Thursday, May 05, 2005

Bible is NOT a Moral Handbook--Got it?

Shrimp here:

You humans funny. Bible says, "Your word is a lamp unto my feet. When the Hebrew people spoke of how they lived they used as the main figure of speech, halak, to walk. Now Bishop Margaret Payne in "Saints and Sinners" says Lutherans do not think the Bible is a moral handbook.

Next we will hear what?

There are several factors to talks about when we look at why Christian tradition has never followed some of the Jewish cultic laws, but we have always considered the moral law of the Hebrew Scriptures as OURS.

As William Witt notes:

“Biblical interpreters understood that other biblical material besides the Ten Commandments contains moral law—the creation narratives of Genesis 1 and 2, other Mosaic material, the Wisdom literature, the Psalms, the Prophets, and, of course, New Testament material, including the Sermon on the Mount and the moral expositions in the Epistles. When Haller states that because the biblical prohibitions against same-sex activity are not part of the Ten Commandments,they are “precisely the sort of law the church has the power to reject or enforce as it sees fit,” he has it exactly backward. Because these prohibitions are part of the moral material of the Old Testament that is summed up in the Ten Commandments, and endorsed again in the New Testament with no qualifications and no exceptions, they are precisely the sorts of law the Church has never felt itself free to reject or enforce as it sees fit.”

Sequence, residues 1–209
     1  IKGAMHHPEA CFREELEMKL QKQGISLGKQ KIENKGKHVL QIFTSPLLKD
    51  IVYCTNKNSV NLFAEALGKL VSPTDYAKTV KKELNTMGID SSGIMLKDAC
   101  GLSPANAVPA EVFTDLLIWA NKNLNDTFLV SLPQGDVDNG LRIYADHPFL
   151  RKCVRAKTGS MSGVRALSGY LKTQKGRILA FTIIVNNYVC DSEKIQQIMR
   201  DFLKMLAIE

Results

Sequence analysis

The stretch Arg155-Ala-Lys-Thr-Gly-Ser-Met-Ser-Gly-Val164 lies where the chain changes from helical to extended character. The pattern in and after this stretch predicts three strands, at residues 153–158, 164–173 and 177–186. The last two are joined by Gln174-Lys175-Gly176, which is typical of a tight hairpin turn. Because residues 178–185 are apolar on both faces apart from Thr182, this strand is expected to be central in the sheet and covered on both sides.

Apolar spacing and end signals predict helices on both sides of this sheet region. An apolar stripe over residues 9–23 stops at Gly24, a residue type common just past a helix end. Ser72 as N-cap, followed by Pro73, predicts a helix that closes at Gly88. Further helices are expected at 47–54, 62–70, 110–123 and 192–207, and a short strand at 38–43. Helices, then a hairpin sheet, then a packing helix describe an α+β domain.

Eli said...

"# This church accepts the canonical Scriptures of the Old and New Testaments as the inspired Word of God and the authoritative source and norm of its proclamation, faith, and life. "

Direct quote from ELCA statement of faith. I am a simple person, but "authoritative source and norm" sounds a lot like it just might qualify it as a moral handbook. But that's just me.

Mwalimu Daudi said...

Do we stop seeking justice for widows and orphans and loving our enemies because they are not explicitly written in the Ten Commandments? Haller and Payne sound like lawyers trying to spring a guilty client on a technicality rather than sinners honestly wrestling with the meaning of Scripture.

Shrimp said...

Mwalimu is a kind human. I would have thought that "enemy of God and man" (and crustaceans, too) would be more like it.

I got an insight reading Larry Woods "The Radical Wesley." One of the most important calls a church has upon it is to pass on the faith it received. Because of what is going on, ours will be the first generation since the original apostles to fail to do that. The ELCA is poised to do that in August.

Anonymous said...

To say that the Bible is our source and norm for faith and life and then to say that is not a moral handbook are not mutually exclusive.

The Bible is not a moral handbook, although there is a lot of moral law in it.

Scripture is, first and foremost, a witness to Jesus Christ and our need for him. The Moral Handbook part only comes in to show us our need for Jesus due to our failures.

The problem with Payne et al is that they are anti-nomians who think they know more than the Biblical writers and/or Author.


Shrimp said...

TS is right, of course, to say that the law drives man to need for Saviour. BUT Shrimp think that "The Bible is not a moral handbook, although there is a lot of moral law in it." is clever human words.
Might well say "Bible is a moral handbook, and more"

The good ship ELCA...

The good ship ELCA...
Or the Shellfish blog...